That means it’s time to fertilize!
Well-established and healthy trees may not need much supplemental feeding, but fertilizing smaller trees and shrubs is very important. Your payback will include better resistance to disease and insects, improved flowering, and much quicker establishment than similar plants denied regular fertilization.
How And When Tree Fertilization Should Happen
Fertilizing trees should put the nutrients within reach of the feeder roots. This means feeding an area that reaches from about 1/3 of the distance from the tree trunk to the drip line (on the inside) to a spot about the same distance outside the drip line. Fertilizer needs to be placed into holes that are about 6 to 12” deep throughout this area. For good distribution, you may need up to 10 feeding holes per inch of trunk diameter up 6 to 12” deep throughout the target area (a tree 5” across may need 50 or so holes in the feeding zone). That’s a lot of holes, but it assures that the fertilizer will be evenly available to the tree.
Trees can be fertilized anytime between when the sap goes down in fall or winter until about mid-July (at the latest). Fertilizing trees between July and fall stimulates late growth that gets no chance to harden off and is more susceptible to damage from winter cold and winds. Early spring is probably the ideal feeding time, but with slow release materials, any time during the window will give excellent results.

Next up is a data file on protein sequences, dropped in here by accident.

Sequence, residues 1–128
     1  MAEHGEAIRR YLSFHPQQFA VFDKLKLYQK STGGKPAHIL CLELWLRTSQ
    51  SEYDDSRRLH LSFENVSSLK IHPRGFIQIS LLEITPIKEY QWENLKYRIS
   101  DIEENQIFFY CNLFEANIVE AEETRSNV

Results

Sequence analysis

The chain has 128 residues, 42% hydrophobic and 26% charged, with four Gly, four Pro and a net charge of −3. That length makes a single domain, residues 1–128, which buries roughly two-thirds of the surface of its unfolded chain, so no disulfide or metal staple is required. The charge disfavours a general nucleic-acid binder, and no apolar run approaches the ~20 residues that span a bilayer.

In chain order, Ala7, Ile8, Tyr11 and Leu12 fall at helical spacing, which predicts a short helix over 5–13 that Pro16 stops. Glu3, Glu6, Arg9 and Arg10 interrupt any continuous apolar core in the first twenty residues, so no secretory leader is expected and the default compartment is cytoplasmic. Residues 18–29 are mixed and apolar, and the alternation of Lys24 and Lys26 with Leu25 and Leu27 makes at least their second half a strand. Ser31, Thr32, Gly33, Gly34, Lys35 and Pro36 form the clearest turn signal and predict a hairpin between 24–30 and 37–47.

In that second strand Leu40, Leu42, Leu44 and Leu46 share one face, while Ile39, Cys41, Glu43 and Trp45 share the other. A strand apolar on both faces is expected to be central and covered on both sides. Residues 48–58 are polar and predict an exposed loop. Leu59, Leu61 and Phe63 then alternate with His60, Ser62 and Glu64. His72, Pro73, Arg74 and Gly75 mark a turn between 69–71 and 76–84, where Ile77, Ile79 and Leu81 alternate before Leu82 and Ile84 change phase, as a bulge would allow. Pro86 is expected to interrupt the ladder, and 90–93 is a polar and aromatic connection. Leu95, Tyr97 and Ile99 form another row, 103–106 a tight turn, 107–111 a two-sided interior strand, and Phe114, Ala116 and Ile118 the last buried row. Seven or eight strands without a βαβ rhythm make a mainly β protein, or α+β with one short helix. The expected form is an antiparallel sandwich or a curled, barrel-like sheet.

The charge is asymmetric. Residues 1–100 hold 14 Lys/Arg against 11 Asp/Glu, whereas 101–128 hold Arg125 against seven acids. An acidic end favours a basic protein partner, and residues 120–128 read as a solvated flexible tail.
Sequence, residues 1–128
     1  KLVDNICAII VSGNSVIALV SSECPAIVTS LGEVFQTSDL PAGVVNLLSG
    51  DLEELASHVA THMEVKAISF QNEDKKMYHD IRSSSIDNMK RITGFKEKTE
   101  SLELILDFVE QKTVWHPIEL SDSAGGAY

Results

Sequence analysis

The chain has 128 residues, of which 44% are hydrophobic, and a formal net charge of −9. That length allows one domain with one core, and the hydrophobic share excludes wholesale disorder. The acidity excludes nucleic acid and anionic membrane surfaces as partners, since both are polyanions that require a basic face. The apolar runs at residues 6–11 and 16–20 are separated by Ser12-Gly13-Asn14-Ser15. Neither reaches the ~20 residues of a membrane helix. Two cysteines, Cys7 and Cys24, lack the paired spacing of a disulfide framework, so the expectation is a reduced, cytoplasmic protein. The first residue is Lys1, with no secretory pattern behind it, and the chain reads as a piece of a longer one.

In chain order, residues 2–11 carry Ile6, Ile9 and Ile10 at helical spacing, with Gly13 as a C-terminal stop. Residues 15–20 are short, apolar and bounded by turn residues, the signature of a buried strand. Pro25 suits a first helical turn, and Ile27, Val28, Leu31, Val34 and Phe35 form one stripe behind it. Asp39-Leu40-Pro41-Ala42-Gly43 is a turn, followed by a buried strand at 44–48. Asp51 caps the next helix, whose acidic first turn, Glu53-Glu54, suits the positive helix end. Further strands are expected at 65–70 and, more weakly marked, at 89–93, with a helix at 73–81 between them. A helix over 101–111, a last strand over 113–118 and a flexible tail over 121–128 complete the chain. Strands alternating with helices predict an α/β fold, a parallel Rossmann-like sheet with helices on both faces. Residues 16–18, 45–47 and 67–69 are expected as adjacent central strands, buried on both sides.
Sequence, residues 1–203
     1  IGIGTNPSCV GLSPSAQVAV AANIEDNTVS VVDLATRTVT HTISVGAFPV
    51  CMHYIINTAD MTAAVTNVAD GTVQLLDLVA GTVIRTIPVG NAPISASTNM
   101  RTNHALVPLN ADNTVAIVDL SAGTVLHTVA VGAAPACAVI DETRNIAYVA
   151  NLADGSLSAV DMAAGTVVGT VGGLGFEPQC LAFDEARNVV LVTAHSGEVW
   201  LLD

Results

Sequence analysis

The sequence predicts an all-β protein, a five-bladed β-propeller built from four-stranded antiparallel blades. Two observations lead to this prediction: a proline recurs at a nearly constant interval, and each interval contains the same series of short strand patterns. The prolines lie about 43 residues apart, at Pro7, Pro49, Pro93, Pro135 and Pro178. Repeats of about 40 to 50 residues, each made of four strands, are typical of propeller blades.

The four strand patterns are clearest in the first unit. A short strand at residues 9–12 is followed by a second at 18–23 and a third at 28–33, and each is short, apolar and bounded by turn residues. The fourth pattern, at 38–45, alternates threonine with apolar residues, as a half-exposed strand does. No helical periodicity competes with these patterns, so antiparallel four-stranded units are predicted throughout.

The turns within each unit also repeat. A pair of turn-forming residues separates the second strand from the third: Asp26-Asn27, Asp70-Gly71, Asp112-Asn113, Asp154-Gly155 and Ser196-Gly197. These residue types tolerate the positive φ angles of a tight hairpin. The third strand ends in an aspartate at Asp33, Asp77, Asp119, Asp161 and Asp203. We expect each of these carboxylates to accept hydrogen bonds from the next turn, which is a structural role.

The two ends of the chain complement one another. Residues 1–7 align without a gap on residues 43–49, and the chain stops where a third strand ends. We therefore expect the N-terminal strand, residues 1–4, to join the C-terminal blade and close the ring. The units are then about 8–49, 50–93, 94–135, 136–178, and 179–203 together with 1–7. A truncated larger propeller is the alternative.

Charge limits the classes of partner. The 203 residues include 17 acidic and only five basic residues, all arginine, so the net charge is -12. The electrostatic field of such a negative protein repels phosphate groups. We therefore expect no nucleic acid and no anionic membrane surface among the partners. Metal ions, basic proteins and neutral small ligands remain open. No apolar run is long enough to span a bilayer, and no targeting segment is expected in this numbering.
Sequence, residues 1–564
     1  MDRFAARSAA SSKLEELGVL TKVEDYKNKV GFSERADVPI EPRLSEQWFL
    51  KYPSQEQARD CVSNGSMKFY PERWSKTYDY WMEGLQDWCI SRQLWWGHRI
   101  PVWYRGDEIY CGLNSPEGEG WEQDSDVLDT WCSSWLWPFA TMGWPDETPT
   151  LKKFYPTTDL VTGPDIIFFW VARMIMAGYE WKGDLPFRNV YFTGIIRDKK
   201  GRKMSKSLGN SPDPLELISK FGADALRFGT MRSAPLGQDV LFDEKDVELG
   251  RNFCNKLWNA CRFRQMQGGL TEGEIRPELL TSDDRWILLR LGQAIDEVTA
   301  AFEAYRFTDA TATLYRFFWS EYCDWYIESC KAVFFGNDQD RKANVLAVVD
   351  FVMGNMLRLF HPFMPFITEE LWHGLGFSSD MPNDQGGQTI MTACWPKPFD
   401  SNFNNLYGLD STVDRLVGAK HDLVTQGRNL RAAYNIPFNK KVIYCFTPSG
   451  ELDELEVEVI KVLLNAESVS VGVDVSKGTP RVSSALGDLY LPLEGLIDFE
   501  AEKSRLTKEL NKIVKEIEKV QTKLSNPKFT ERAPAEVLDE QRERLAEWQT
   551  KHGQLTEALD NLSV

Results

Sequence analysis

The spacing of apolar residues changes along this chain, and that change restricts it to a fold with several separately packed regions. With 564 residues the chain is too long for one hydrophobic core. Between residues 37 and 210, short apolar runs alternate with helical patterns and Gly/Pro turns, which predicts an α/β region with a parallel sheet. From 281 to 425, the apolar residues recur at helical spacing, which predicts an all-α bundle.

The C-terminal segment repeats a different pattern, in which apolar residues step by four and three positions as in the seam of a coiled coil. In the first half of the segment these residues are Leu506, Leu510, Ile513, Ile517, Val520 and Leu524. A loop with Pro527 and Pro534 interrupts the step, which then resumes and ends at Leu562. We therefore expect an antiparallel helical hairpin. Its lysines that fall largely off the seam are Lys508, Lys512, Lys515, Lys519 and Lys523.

Newly planted trees and shrubs benefit the most from regular fertilizing during their first 5 years in the landscape. In establishment, growth, and flowering, there is just no comparison between plants that are fed and those left to go it alone.
- Feeding of recent transplants during the first 5 years helps plants mature quickly.
- Balanced fertility is important. Nitrogen, Phosphorus, and Potassium each perform distinct functions in your landscape plants.
- Don’t fertilize trees between July 15th and Fall after trees start dormancy or resting periods.
Proudly serving New Mexico since 1981! Visit our Website: www.WaterQuest.com.